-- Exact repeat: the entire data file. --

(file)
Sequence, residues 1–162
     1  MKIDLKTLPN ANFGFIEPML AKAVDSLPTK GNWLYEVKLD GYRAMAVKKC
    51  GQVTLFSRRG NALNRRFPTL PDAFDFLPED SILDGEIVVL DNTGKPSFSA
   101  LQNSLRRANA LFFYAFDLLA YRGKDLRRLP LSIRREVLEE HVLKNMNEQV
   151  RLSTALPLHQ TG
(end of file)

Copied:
Sequence, residues 1–162
     1  MKIDLKTLPN ANFGFIEPML AKAVDSLPTK GNWLYEVKLD GYRAMAVKKC
    51  GQVTLFSRRG NALNRRFPTL PDAFDFLPED SILDGEIVVL DNTGKPSFSA
   101  LQNSLRRANA LFFYAFDLLA YRGKDLRRLP LSIRREVLEE HVLKNMNEQV
   151  RLSTALPLHQ TG